The Adafruit_NeoPXL8 library can be installed using the Arduino Library Manager. You will also need the Adafruit_NeoPixel and Adafruit_ZeroDMA libraries.

Don't forget to add SAMD board support installed through the Boards Manager (Adafruit SAMD or Arduino SAMD depending which board you’re using). See the Feather M0 guide for an example

Example Code

There is a single Adafruit_NeoPXL8 example sketch called “strandtest,” and it’s pretty minimal. There’s no need for a whole graphics demo, because most NeoPXL8 functions are identical to their NeoPixel counterparts, and there are plenty of NeoPixel examples around already. The differences mostly relate to pin assignments.

First, include Adafruit_NeoPXL8.h instead of Adafruit_NeoPixel.h:

#include <Adafruit_NeoPXL8.h>

Then declare an Adafruit_NeoPXL8 object (instead of an Adafruit_NeoPixel object) — we’ll call our object “leds” in the example — passing up to three arguments:

Adafruit_NeoPXL8 leds(LENGTH, PINS, FORMAT);

The constructor’s first argument is the number of NeoPixels in each of the eight strands. In other words, the total number of NeoPixels will be 8 times this value. If this value is set at 60, then the total number of NeoPixels is 480 (60 × 8).

The strands don’t all need to be the same length. In that case, give the length of the longest strand. But from the software’s point of view there’s still 8 times this many pixels…it’s going to require that much memory regardless and there will be gaps in how pixels are addressed. It’s best and optimal if all 8 strands are in use and the same length, but not required.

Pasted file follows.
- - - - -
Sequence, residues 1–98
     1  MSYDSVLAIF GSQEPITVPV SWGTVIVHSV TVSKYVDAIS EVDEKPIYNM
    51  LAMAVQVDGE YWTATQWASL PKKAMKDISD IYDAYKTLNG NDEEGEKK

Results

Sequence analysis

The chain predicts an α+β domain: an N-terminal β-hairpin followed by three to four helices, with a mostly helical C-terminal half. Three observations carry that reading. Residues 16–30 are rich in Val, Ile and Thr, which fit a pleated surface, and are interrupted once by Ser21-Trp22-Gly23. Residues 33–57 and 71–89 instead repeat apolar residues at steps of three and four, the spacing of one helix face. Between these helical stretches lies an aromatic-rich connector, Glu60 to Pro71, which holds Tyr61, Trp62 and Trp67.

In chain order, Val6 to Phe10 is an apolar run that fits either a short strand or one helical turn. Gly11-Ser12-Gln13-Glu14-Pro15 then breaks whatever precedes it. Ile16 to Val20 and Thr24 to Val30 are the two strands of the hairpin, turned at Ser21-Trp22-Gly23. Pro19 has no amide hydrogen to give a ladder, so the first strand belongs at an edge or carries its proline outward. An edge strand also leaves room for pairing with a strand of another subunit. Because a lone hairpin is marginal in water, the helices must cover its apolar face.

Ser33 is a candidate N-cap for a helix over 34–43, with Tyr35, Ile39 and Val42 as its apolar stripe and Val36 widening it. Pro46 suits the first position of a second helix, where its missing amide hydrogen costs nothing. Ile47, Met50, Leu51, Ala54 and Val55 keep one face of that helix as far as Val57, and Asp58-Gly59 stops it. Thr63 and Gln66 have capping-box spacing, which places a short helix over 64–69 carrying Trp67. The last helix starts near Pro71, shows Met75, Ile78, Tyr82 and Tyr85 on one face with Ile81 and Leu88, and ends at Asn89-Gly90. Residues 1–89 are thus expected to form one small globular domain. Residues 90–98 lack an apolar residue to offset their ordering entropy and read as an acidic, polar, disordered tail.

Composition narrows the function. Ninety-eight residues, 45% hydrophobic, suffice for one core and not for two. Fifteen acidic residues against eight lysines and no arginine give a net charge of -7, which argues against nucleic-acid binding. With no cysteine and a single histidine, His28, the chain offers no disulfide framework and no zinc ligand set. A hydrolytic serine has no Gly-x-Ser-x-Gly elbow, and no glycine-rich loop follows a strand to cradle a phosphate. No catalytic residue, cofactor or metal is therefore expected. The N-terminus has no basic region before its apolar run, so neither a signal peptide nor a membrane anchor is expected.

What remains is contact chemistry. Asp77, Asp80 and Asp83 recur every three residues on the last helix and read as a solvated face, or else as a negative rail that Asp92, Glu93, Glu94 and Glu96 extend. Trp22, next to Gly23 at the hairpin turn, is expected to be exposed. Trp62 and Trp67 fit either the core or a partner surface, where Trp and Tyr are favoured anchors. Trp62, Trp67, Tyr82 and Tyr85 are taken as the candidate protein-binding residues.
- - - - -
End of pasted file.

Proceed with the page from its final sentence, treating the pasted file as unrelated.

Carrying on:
NeoPXL8 is a RAM hog, but on most M0 boards, depending on your code’s other needs, you can often get 250 RGB pixels per strand (2,000 pixels total). 300 (2,400 total) is starting to push things. Scale back for RGBW pixels, which require about 33% more RAM.

M4 boards have six times the RAM and can handle absurd thousands of pixels…but in reality, you might not want more than a couple thousand, tops, just to allow the CPU enough time to compute all those pixels at a good frame rate. For an M0 project, maybe a few hundred to a thousand or so. There’s no hard limit, you just need to experiment what’s practical to compute.

The second argument is an 8-element int8_t array indicating which pins to use for outputs 0 through 7.

This is extremely hardware-dependent, and you’ll see in the strandtest sketch there are several different arrays given for different situations. For example, using a Feather M0, NeoPXL8 FeatherWing with the default pin assignments and the Fadecandy-style connector, it’s:

int8_t pins[8] = { PIN_SERIAL1_RX, PIN_SERIAL1_TX, MISO, 13, 5, SDA, A4, A3 };
Adafruit_NeoPXL8 leds(NUM_LED, pins, NEO_GRB);

As explained on the prior page, on the Feather M0, outputs 3, 6 and 7 are not negotiable — they must go to pins 13, A4 and A3 (these can be reordered — you can change which is considered output 3, 6 or 7 — but you cannot select completely different pins). For the remaining 5 outputs, there’s a limited ability to reassign things:

Output Number

Default Pin

Alternate Pin
















Feather M4 is a little different. There, outputs 4 through 7 are not negotiable — they must go to pins 13 through 10 (though they can be reordered within that series). For the other four outputs, there’s a limited ability to reassign things: